Upon checking out a slim volume in the 1970’s from the local library on the sex life of plants, my two passions of growing things and reading collided. In thoroughly investigating the reproductive parts of blossoms, what really got me at the time was the female parts looked similar to the ovary of a human female, and the stamen is undoubtedly phallic.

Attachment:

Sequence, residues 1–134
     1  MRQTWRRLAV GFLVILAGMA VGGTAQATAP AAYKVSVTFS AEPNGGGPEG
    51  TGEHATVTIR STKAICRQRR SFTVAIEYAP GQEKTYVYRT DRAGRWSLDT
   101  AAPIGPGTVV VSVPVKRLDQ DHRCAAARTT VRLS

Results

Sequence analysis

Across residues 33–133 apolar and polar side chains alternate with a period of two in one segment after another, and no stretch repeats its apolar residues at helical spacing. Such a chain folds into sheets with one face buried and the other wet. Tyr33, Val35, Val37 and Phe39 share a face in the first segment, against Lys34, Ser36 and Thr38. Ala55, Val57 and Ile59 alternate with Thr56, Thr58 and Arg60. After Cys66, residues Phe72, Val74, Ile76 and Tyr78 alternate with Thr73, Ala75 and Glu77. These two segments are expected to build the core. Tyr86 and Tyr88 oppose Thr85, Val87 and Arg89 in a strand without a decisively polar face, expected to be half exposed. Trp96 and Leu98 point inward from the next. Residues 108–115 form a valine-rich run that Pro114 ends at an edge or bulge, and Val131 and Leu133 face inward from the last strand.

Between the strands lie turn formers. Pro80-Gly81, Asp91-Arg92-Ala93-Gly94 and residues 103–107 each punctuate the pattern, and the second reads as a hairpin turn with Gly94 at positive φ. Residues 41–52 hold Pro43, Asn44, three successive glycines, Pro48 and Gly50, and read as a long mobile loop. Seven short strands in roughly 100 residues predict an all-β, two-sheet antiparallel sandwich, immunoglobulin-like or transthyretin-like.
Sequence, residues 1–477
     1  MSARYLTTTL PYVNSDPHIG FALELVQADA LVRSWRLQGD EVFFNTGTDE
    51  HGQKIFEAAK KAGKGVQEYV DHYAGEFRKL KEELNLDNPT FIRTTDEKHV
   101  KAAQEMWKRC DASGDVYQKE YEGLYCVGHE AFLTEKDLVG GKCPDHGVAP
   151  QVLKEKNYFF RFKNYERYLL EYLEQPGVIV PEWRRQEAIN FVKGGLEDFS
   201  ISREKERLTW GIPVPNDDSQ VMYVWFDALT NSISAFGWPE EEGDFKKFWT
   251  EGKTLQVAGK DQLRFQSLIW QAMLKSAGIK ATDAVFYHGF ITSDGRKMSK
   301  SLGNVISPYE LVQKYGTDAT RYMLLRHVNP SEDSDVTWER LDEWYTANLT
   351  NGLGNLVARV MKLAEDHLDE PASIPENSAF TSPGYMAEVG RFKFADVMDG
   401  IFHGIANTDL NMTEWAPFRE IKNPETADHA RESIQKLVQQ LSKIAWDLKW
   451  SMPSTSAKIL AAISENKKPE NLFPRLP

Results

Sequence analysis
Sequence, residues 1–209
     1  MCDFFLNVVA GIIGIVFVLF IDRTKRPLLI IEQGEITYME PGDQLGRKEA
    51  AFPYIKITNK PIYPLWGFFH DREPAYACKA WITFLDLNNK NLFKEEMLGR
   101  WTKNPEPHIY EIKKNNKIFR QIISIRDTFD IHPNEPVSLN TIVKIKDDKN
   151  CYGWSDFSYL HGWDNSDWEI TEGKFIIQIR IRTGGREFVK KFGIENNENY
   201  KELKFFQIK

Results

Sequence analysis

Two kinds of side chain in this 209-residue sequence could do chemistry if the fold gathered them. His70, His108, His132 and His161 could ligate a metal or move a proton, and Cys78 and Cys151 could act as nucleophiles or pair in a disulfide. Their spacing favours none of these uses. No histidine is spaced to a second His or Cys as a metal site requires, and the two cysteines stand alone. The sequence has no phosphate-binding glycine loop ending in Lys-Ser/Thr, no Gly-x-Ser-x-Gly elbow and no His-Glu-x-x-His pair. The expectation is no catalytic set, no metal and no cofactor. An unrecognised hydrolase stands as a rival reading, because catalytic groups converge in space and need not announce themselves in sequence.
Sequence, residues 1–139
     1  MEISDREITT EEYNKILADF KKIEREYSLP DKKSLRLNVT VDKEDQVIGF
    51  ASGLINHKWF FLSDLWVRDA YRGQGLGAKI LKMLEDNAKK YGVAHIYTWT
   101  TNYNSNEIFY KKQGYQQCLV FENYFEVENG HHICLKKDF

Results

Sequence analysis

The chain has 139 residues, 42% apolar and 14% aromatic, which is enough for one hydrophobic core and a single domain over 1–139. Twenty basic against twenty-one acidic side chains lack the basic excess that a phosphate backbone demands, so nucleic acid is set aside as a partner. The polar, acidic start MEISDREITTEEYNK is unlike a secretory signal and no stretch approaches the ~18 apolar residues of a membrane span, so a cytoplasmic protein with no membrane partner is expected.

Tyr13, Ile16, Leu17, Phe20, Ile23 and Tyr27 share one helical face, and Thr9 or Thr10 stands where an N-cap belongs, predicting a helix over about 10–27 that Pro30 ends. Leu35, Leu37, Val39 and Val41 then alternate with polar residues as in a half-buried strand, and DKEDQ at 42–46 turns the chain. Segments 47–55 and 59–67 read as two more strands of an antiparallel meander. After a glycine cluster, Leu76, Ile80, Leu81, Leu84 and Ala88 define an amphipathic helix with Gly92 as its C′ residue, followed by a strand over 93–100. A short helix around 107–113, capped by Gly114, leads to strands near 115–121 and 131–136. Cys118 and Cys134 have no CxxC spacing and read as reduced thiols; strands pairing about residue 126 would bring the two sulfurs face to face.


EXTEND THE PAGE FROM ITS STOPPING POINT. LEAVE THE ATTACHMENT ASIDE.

But the thing most fascinating to me now is the different combinations of male and female in plants. There are the flowers that contain both sexes, able to fertilize without the birds or the bees, or the whims of the wind. They are referred to as ‘perfect flowers,’ or ‘hermaphroditic,’ meaning one bed, and tend to be big showy blossoms like the lily, the rose, and of course, the orchid. Other plants contain a mix of male or female individual flowers, as in the zucchini, and are referred to as monoecious meaning one household. Some plants do sex switiching, starting out male and as they mature, they may be asexual for a time, and then become female. And there are species, the Ginko for one, in which the male and female trees are totally separate. Even though there are many species of plants, and scientifically only one species of human beings, all those floral variants, and there are more than listed above, serve to open my eyes even wider to gender fluidity.